With a winter storm about to put the smackdown on the Chicago region, we’ve probably got better things to worry about than the Mayans and this calendar completion craziness. But if the world were to come to an end at the stroke of midnight tonight - or if we make it to see another day – here’s a pair of damn fine ways to celebrate.
1. Beer! Louis Glunz Brewery has been in business a long time now: One of America’s oldest breweries (and the world’s oldest distributor of Schlitz) will celebrate 125 years in business in 2013. So no wonder its proprietors aren’t shaken by end-of-the-world predictions.
In fact they’ll celebrate tonight by rolling out fresh kegs of La Fin du Monde (which translates as The End of the World), a triple-style golden ale from the Quebec brewery Unibroue. The beer is apparently named for early European explorers who upon discovering North America felt they’d come to the end of all things - how’s that for backhand praise? And according to the Unibroue website, La Fin has also won more awards than any other Canadian beer. It is a pioneer of sorts: Long before Americans got wild about craft beer, Unibroue started churning out Belgian-inspired beers with fanciful names (one of my favorites is Maudite, a lovely bit of Quebeçois slang I won’t translate here). Oh, and full disclosure: I have the brewery to thank for many of my college-era hangovers.
Fourteen of Chicago’s fine drinking establishments will tap a keg of La Fin at the stroke of midnight. I suggest you raise your glass at Weegee’s Lounge in Chicago’s Logan Square. The bar is owned by Alex Huebner, a School of the Art Institute photography graduate, and is named for the famed New York City photographer Arthur Felig. Felig, who worked under the alias Weegee, was an ambulance chaser of a shutterbug. He made his reputation documenting mayhem: the carnage of fires, murder, automobile wrecks. Some of his photographs are hanging in his namesake bar, so while savoring your brew you can contemplate his lurid-realist view on the world. No doubt they’ll create the correct sensibility and atmosphere for pondering the end.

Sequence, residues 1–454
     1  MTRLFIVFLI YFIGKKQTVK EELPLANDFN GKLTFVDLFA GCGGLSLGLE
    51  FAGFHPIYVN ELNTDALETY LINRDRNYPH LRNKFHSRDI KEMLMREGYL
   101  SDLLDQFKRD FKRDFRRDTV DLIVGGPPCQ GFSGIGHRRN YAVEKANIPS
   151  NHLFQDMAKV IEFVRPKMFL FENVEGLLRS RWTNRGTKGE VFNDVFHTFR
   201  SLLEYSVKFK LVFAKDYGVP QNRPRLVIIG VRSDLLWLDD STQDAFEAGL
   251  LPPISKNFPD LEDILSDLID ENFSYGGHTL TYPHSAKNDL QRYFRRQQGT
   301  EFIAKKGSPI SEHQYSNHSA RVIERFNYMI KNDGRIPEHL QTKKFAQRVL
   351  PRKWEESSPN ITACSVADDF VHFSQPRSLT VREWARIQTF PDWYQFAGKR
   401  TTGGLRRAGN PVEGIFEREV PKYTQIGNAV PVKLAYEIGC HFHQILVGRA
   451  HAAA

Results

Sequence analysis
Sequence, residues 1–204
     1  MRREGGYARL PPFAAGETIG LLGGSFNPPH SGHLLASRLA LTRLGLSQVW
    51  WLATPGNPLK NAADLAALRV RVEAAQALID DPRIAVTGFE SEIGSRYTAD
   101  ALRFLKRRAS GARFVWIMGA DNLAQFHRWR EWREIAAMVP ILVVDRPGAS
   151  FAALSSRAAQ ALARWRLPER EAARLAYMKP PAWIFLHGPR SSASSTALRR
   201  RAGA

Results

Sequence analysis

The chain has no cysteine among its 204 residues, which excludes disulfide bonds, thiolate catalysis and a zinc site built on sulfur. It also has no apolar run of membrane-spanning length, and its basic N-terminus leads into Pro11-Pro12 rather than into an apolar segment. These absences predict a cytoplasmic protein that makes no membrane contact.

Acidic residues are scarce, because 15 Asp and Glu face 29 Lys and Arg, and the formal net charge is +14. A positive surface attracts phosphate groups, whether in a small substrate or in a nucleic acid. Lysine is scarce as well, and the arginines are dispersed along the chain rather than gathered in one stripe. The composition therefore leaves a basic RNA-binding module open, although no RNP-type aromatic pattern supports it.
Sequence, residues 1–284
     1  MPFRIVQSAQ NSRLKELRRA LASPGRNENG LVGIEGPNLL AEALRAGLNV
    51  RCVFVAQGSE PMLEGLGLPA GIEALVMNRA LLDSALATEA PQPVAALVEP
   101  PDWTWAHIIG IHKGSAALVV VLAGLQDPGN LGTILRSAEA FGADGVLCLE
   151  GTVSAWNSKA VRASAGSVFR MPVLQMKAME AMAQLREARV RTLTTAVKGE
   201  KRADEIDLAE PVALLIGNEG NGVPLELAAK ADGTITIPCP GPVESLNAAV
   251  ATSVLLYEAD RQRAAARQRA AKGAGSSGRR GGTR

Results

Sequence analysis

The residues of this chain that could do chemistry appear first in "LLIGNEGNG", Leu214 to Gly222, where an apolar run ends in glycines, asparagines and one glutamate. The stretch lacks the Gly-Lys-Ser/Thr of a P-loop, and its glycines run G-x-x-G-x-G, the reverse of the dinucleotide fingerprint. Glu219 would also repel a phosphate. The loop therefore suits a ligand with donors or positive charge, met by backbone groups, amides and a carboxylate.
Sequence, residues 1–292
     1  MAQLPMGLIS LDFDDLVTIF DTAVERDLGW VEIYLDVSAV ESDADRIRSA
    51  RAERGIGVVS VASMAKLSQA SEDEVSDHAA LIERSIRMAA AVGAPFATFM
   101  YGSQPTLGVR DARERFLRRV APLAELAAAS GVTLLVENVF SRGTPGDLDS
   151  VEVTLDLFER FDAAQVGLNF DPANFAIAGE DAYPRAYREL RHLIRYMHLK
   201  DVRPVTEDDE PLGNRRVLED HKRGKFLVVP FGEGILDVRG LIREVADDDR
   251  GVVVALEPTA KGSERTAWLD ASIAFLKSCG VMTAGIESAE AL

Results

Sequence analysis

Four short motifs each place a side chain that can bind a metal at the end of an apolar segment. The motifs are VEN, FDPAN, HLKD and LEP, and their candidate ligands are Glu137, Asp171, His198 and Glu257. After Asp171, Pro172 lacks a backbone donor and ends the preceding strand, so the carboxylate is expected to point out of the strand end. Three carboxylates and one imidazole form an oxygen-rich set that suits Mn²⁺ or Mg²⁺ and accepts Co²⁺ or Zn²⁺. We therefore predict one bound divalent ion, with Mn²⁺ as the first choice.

End of the World Toast with La Fin Du Monde, Thursday night, various locations
2. Drums! Hamid Drake and Michael Zerang have been performing their winter solstice concert for 22 years now. Over three mornings, in Link Hall’s relatively sparse but cozy space, Drake and Hamid greet the dawn, the occasional El train rumbling by right outside the second-story window, and whatever lucky group of sleepy residents has managed to both secure a ticket and drag themselves out of bed for the 6 a.m. performances.
The winter solstice (which is either December 20th or 21st) is the shortest day, and thus longest night, of the year. Australians are just starting to celebrate the summer vacay, but the North Pole is shrouded in darkness. We are as far from the sun as we’ll be all year, but of course this cusp of a day also marks the moment the sun begins its slow return, like a glimmer of hope as deepest winter settles in.
The yin and yang, double-edged sword nature of the solstice is reflected in the Drake-Zerang duo. Drake is a disciplined drummer. Watching him during a recent performance with a jazz trio at the Green Mill, I thought his technique is like the percussive equivalent of circular breathing: He creates a deep, rolling rhythm that seems to have no beginning, no end. At the solstice performances, I always find myself waiting for that moment when he’ll move from performing his hand drum on the floor to settling behind his full drum kit.
Zerang is more sprite-like with his instruments, treating the surface of his hand drum and full kit as spaces to be explored and expanded upon, rather than as rigid confines. And did I mention the gongs? Zerang is like a jedi knight of gongs. I can’t stress enough how magical, transcendental and yet grounding this experience is. So in classic end-time fashion, defy the early hour, cold and possible snow drifts and get you there!
22nd Annual Winter Solstice Concerts, Friday through Sunday, Links Hall, 3435 N. Sheffield Ave.